*Average saved by CouponCabin users.
Be a Part of History
Refinance to slash what might be your biggest monthly outlay. Historically low rates are still available for strong borrowers with good credit scores (740 and up), says Keith Gumbinger of HSH Associates. Today the average rate for a 30-year-fixed mortgage is 3.5%. If you’re going to stay in your home for three years or more, even a half-percentage point drop can pay off, says Gumbinger.
*By refinancing a $200,000 loan at 4% that you took in June 2013.
Learn to Love Haggling
Frugality isn’t about denial. It’s about never paying more than you need to, says Herb Cohen, author of You Can Negotiate Anything. “Virtually everything is negotiable, including price,” says Cohen. Don’t be afraid to ask. Even stores likeBest Buy and Nordstrom will quietly negotiate. Make the salesperson your ally. “Always open up a negotiation amiably,” says Cohen. Present it as a problem you need help solving, he says. “I want to buy this thing that costs $1,500, but I only have $1,100 in my budget. How can you help me?” And be willing to walk away.
*What you could knock off the price of a big-screen TV.
Stay in Season
For lower prices on fresh food, check the calendar. “You can save 40% to 60% on produce by buying what’s in season,” says Annette Economides, co-author of Cut Your Grocery Bill in Half With America’s Cheapest Family. Visit USDA.gov for a guide. Go with organic only when it’s likely to be “dirty” or contain pesticides; the average premium is 47%, Consumer Reports found. Foods that need to be peeled, like pineapples, mangoes, avocados, onions, and corn, are lower risk, according to the Environmental Working Group.
*Assumes the average spent on produce is cut by 40%.
Stop coughing up an extra 1% to 3% on every purchase abroad. A new CreditCards.com study finds that 61 of 100 popular cards levy foreign transaction fees, down from 77 of 100 last year. If yours still does, switch. A top no-fee option: the Barclaycard Arrival World.
*Assuming $3,000 in charges overseas.
Rethink the Fancy Gym
The average gym membership is $58 a month. In cities like St. Louis, New York, and even Charlotte, it’s north of $100. But two-thirds of would-be exercisers never use their gym membership, according to Statistic Brain, based on data compiled from the International Health, Racquet & Sportsclub Association, the Bureau of Labor Statistics, and more. For the rest, the equivalent of $39 a month goes to waste because of underutilization. Stay fit for less. Your health insurer or employer may subsidize a gym membership. At Blue Cross Blue Shield, for example, members get access to some 9,500 fitness centers nationwide for $25 a month. Or try a discount gym. Planet Fitness has opened locations in 48 states, and memberships start at about $10 a month. It doesn’t offer all the benefits of a fancier gym, but if you’re looking for a place just to jump on the treadmill or lift weights, it’s a good bet. Or join a gym at the end of the month, when many clubs offer discounts to hit monthly quotas.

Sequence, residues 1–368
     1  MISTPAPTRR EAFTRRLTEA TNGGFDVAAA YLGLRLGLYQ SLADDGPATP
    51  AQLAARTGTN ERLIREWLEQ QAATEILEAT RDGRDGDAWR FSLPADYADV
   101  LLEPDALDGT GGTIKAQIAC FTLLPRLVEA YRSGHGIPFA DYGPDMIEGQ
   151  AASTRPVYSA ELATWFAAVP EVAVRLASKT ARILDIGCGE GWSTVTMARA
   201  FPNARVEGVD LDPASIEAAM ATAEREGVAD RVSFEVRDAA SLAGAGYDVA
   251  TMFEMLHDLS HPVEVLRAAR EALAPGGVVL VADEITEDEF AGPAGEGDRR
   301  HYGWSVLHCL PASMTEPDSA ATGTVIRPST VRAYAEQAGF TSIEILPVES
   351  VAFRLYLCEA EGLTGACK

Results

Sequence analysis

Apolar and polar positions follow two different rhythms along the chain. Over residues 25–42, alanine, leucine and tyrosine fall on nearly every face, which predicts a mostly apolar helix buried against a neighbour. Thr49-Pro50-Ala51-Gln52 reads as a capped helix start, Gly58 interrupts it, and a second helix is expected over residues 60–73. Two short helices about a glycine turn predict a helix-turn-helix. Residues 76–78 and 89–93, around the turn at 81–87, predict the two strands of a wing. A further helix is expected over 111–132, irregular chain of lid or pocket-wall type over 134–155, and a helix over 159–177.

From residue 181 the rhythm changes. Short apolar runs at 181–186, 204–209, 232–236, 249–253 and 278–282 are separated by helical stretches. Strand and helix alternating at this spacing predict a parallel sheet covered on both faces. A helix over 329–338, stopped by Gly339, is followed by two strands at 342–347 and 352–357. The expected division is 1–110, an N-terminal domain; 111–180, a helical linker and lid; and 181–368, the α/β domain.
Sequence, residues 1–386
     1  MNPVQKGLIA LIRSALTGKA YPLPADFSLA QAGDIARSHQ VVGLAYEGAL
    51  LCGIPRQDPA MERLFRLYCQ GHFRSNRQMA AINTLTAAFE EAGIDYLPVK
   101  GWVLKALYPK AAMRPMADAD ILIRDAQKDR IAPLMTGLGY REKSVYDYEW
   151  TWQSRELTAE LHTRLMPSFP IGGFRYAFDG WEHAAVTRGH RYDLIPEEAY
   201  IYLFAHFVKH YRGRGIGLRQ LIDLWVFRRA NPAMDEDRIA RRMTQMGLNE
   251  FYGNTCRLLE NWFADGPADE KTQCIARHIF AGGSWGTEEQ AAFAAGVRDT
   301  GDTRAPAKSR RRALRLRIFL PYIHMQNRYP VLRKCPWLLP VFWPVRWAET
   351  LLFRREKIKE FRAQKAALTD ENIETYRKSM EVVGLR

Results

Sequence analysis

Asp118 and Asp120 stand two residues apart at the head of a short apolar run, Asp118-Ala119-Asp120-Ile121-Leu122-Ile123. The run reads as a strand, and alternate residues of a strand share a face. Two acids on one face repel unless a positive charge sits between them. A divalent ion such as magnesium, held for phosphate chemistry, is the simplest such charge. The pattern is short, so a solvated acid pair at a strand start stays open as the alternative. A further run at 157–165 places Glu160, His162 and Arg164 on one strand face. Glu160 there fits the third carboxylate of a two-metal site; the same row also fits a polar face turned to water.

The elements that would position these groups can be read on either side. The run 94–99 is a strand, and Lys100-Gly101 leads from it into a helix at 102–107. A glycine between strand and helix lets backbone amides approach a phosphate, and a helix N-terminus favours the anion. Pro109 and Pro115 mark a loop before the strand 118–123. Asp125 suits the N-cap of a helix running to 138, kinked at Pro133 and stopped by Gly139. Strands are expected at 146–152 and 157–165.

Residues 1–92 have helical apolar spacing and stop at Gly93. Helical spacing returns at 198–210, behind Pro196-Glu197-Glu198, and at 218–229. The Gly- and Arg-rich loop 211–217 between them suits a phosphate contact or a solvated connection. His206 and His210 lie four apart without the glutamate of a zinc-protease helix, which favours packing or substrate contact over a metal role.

*Based on switching from a gym charging the average membership fee to a low-cost one.
Take a Not-So-Hot Shower
Your water heater is the second-biggest power hog in your home, accounting for 18% of electricity costs, says the U.S. Department of Energy. For every 10 degrees you turn down the tank’s thermostat, you’ll save 3% to 5%. Most heaters default to 140° F, but the typical household can make do at 120° F, according to the Energy Department. Plus, low-flow fixtures ($15 each) can reduce the amount of hot water you use by up to 60%. Ready to spring for a new water heater? An Energy Star certified water heater may be eligible for a $300 federal tax credit.
*Based on $781 average electric bill and 20-degree change.
Know Your Limits
Cell phone overage charges are at record highs, and one in five cell phone users reported paying them, a survey from financial research firm Cowen & Co. found. No surprise, given that data-hogging streaming video and music apps are becoming more popular. You pay about $15 for every gigabyte of usage over your limit. The fix: Find a plan that matches your typical usage (our cell phone picker tool can help). Then set up alerts. Verizon will email or text you when you’re close to your limit. Or monitor your usage with an app like My Data Manager. On many phones, if you’re near your max you can turn off cellular data so that certain functions will work only on Wi-Fi.
*If you pay for 1GB extra a month.
Test Drive New Car Insurers
Only 33% of drivers shopped around for a new auto policy last year, a J.D. Power study found. But those who switched insurers saved hundreds on premiums. When your renewal is up, get quotes from at least four companies. You can check any insurer’s customer complaint history at the National Association of Insurance Commissioners’ website.
*Average savings for policyholders who switched, via J.D. Power.
Remember What You Set and Forgot
Maybe you signed up for a $30-a-month credit-monitoring service three years ago when you were shopping for a home. Or a monthly $50 Gogo Air in-flight Internet subscription is buried in your credit card statement, even though you haven’t flown in a year. Recurring subscriptions can easily suck up hundreds of dollars a year. Trim (asktrim.com) is a free service that scans your credit card bills, shows you what you’re paying for, and cancels unwanted services. You give Trim your credit and debit card log-ons (it uses bank-level security, but if you don’t feel comfortable, you can send copies of your statements). You’ll get a text message listing your recurring charges, and you can tell Trim which ones you want to drop and which you want to keep (though some services, like Dropbox, need to hear directly from you).